In order for journalism to keep its promise of keeping power in check and enlighten people, it is essential that the products that deliver that journalism keep up with users ever-growing expectations.
20 years ago I wrote my first article for a national publisher on the only product platform we had: a print newspaper.
At about the same time, news on the internet started to really catch on. Not only did this revolutionize how journalism was consumed by users, but it was also a complete game-changer for publishers as it opened up several new platforms for journalism to live on.
It meant getting websites and apps. It meant content being published minute by minute, not only once every 24 hours. And it opened up for new thinking and new products, such as live studios and live blogs, not to mention the whole world of online video.
I remember some editors back then thinking that the internet was journalism’s worst nightmare. The web, however, enabled users to check sources themselves, to discover more content and to communicate with the reporters more directly. That, in turn, means more accuracy and transparency (fake news on social media is a whole other story).
The reason for the skepticism of the digital revolution back then was not on behalf of journalism as such but on behalf of the media houses’ business models. After all, we made money from selling newspapers. It was, in other words, never a user problem, it was our problem and we had to adapt and change, not the users. And as is the case with every business: it is never the customers that are the problem when things fail — it is the business.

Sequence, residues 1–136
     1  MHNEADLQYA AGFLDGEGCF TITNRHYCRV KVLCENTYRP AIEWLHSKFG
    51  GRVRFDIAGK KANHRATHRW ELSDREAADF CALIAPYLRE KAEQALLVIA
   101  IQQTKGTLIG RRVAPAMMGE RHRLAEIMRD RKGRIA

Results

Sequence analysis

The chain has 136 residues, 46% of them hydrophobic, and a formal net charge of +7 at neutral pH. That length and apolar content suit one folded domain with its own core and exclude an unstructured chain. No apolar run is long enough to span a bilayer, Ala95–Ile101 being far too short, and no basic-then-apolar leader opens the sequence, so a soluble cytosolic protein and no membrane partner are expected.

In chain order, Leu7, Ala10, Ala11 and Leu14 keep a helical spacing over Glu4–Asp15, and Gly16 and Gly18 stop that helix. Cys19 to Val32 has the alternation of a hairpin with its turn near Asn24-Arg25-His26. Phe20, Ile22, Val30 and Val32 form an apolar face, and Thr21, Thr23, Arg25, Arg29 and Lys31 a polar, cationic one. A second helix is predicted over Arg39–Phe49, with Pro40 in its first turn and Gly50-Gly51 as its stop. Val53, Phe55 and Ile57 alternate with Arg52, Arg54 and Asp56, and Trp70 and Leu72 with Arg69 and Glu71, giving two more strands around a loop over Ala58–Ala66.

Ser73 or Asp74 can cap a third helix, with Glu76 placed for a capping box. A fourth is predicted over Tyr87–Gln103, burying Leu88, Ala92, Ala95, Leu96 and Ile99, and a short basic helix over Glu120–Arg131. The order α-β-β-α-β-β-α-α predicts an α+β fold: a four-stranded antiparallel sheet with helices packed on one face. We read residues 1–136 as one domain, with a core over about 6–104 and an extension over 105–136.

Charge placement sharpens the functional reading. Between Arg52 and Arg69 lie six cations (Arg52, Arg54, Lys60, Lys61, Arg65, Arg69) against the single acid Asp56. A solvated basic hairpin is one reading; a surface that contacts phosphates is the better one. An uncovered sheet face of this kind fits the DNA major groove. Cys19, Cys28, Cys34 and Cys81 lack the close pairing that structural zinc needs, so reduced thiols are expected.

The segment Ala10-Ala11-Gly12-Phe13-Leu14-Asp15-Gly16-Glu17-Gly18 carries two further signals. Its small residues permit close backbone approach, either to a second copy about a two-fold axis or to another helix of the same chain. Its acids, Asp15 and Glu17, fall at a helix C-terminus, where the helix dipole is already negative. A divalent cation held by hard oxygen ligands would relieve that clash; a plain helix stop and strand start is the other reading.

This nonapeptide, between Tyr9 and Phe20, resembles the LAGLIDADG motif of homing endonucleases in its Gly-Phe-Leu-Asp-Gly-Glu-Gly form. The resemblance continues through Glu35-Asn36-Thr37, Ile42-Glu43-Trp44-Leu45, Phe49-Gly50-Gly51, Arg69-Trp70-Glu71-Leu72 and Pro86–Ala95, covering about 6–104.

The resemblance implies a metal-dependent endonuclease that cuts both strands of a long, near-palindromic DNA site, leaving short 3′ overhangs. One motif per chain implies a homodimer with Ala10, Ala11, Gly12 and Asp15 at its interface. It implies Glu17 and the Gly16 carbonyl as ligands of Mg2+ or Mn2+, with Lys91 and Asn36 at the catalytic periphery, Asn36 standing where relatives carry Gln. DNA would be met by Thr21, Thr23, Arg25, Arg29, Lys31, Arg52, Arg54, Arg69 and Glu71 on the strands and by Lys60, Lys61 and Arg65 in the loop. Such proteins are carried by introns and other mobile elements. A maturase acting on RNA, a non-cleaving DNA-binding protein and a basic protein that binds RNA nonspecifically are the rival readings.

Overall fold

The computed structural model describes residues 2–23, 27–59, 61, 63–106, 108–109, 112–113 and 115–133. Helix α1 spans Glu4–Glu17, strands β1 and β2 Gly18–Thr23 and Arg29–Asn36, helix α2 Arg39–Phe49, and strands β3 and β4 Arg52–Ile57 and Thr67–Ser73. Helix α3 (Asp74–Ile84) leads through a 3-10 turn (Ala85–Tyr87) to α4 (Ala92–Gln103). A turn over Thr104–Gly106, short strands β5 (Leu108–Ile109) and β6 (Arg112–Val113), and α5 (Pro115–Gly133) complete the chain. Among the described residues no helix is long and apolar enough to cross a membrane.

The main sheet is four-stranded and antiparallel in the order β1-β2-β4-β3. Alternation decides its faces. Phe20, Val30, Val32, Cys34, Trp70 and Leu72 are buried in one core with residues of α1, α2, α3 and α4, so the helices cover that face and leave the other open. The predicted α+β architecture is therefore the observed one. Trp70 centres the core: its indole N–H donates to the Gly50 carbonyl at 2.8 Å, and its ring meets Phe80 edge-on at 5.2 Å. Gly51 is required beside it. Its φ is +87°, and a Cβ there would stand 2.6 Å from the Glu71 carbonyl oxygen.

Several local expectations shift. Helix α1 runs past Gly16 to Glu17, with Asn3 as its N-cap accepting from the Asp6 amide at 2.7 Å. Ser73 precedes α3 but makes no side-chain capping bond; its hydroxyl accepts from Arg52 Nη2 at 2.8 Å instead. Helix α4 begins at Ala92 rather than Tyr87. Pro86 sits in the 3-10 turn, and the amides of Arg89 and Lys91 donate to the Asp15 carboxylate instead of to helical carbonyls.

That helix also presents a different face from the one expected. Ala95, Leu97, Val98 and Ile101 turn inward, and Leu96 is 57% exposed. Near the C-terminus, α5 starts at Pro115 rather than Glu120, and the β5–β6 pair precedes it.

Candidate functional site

13 years ago, my journalism career had moved on and I started working as a junior reporter in VG’s online newsroom, which was completely separate from the print newsroom. Back then, the online edition was the pesky little brother that some would see as annoying competition cannibalizing on the one platform that actually brought profit.
We were a tightly knit bunch of reporters and a few developers that kept VG.no up to speed as it experienced tremendous growth. With new technology and products, new platforms for journalism developed.
In 2009 I did undercover work using sound recordings to bust people that offered expensive quack cancer treatment to desperate patients. Telling this complex story would not have been the same had it only been on print. Through sound and video, users were able to see and hear exactly what these people said to desperately sick people, thus making the story much more powerful.
The birth of product management
While that was a great advancement, the world kept getting even more complex. In 2007 the iPhone arrived, and that would be the start of yet another revolution. Now developers had to cater for more devices with different sizes, different value propositions, and different user patterns in addition to all the other complexities and changes that have happened within the area of programming over the past years.
This meant that the product complexity also grew, making control of products a full-time job. This created the need for product managers.
In learning from the mistakes and successes of companies from all around the globe, the area of product management has grown to become an area of expertise in its own right. Concepts such as Scrum, Agile and Kanban have appeared, and are basically just different methods for trying to add some sort of system to all the complexity of software and digital product development.